District Conference

On Saturday, June 22, I attended the annual Conference of the Western New York District of The Wesleyan Church along with our staff and fifteen lay people. This day in which pastors and laity from all 34 churches that comprise our district is set aside for business, discussion, elections, inspiration and fellowship.

I enjoy seeing people from other churches and the opportunity to visit with delegates from our congregation. I am often challenged by much of what goes on. There are moments, however, when I feel a sense of anxiety about all that has been left undone back at home. Sometimes I lament the loss of a Saturday that I typically spend making final preparations for Sunday. The hour and a half drive to Williamsville and back again can be tiring. I’m not always as interested in the discussions as I might be. Quite frankly, it’s a day of mixed emotions.

Listening to the stories of God’s people—in western New York and across the globe—I was reminded of why this conference is not just important but essential to our church and to my own life as a follower of Jesus Christ. District Conference reminds me that we are part of something much bigger than I often acknowledge. The church is not me or Houghton Wesleyan Church or even western New York; it’s so much more.

It’s in gatherings like District Conference that I celebrate being part of a denomination. I realize that denominations might seem passé to many people and churches. In this nation, we are proud of our independence and we see this in the way we organize our churches. The rise in non-denominational churches is a clear indication of our passion for independence and our spirit that declares: No one is going to tell us what to do! Being in a denomination is a sacrifice. We give 10% of our yearly income to the denomination. We live under the guidelines of the denomination as described in our Discipline. We volunteer to help in a variety of ways that have little to do with our particular local church. We sometimes lament the decisions that are made at the levels of church government that are over us. I understand why independent is so appealing. I also understand why independent can be so dangerous.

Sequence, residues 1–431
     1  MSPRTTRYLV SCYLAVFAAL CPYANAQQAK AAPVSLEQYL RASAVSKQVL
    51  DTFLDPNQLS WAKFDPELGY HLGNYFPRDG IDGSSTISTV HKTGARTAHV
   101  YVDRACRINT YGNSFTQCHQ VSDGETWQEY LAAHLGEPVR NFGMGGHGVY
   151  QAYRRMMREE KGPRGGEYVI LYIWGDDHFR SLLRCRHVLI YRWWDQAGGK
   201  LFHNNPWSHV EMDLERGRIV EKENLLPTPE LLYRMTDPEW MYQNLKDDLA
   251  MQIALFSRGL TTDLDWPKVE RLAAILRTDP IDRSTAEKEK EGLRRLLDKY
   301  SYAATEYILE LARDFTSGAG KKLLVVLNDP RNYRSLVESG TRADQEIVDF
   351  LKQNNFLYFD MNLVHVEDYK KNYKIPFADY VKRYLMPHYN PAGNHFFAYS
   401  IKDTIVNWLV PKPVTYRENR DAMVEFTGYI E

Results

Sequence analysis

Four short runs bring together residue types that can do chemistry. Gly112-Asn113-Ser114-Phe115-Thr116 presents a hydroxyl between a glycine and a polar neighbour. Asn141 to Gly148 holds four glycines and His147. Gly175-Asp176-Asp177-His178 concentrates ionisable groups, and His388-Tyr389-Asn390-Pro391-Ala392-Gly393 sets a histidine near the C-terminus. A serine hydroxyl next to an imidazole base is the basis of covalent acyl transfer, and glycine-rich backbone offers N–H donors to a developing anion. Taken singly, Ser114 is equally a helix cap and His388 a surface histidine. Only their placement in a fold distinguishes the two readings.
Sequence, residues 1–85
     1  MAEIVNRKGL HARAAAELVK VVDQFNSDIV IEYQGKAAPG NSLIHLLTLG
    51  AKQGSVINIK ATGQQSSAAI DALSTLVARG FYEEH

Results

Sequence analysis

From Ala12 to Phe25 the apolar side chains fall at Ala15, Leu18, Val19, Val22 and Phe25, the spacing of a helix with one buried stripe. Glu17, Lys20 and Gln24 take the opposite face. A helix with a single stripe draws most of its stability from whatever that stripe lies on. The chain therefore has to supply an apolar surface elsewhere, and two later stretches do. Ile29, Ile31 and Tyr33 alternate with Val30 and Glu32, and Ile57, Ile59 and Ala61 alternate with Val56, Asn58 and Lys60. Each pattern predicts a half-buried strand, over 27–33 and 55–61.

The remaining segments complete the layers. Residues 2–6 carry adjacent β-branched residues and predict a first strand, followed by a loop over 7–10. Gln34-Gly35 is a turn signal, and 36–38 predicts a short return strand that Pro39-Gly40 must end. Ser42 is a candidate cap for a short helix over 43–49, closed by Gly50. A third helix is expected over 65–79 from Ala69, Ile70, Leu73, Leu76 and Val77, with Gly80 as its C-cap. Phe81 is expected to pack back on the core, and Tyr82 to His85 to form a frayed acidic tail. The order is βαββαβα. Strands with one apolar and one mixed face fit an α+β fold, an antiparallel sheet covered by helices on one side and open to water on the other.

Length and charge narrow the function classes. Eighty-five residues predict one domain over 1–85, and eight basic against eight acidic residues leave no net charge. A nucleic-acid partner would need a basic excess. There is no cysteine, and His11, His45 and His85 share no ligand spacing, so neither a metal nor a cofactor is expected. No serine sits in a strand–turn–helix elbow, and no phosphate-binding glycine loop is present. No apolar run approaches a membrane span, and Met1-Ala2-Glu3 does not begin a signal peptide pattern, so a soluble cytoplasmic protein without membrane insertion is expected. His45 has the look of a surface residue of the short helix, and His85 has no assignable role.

Through the years I have been convicted about my unwillingness to sacrifice for others, even though sacrifice is a central dynamic of being a follower of Jesus. How can I challenge others to sacrifice when our church bristles and rejects the call to corporate sacrifice? How can I call our church to submit to the authority of Christ if we are unwilling to submit to the authority of the larger, wider, greater church? And how do we speak with a straight face about accountability when we are antagonistic about corporate accountability? The more I read church history the more I realize how incompatible an independent congregation is to the practice of the church through the centuries…even when the church leadership was less than godly.

When our District Superintendent shared his vision for our district he talked about Jesus’ prayer in John 17: Father, make them one as we are one. Isn’t it fascinating that connection and dependence are vital to the nature of the Trinity?! This unity for which Jesus prays doesn’t mean that we all agree, but we do see the need to surrender ourselves to each other. We sacrifice for each other. We learn from each other. We recognize that it is impossible for us to be who God called us and set us apart to be without each other.

Quite frankly, it’s much easier being by ourselves, doing our own thing. No one is pushing us. No one is expecting sacrifice from us. No one is asking us to give up what we want for what is best for the whole. And yet, these are the characteristics of Christ and of his people.

I’m thankful for gatherings like District Conference. These events remind me that the church is so much more than I typically imagine.